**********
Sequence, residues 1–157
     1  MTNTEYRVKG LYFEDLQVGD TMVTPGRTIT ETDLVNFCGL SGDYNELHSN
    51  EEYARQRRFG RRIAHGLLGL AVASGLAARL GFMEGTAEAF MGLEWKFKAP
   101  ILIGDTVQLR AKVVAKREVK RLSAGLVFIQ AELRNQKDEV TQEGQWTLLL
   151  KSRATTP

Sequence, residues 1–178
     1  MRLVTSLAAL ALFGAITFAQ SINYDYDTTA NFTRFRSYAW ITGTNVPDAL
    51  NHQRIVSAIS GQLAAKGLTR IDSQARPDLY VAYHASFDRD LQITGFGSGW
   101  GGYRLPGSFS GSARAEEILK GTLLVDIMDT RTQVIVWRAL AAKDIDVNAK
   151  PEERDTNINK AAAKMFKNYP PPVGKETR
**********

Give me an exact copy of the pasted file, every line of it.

Sequence, residues 1–157
     1  MTNTEYRVKG LYFEDLQVGD TMVTPGRTIT ETDLVNFCGL SGDYNELHSN
    51  EEYARQRRFG RRIAHGLLGL AVASGLAARL GFMEGTAEAF MGLEWKFKAP
   101  ILIGDTVQLR AKVVAKREVK RLSAGLVFIQ AELRNQKDEV TQEGQWTLLL
   151  KSRATTP

Sequence, residues 1–178
     1  MRLVTSLAAL ALFGAITFAQ SINYDYDTTA NFTRFRSYAW ITGTNVPDAL
    51  NHQRIVSAIS GQLAAKGLTR IDSQARPDLY VAYHASFDRD LQITGFGSGW
   101  GGYRLPGSFS GSARAEEILK GTLLVDIMDT RTQVIVWRAL AAKDIDVNAK
   151  PEERDTNINK AAAKMFKNYP PPVGKETR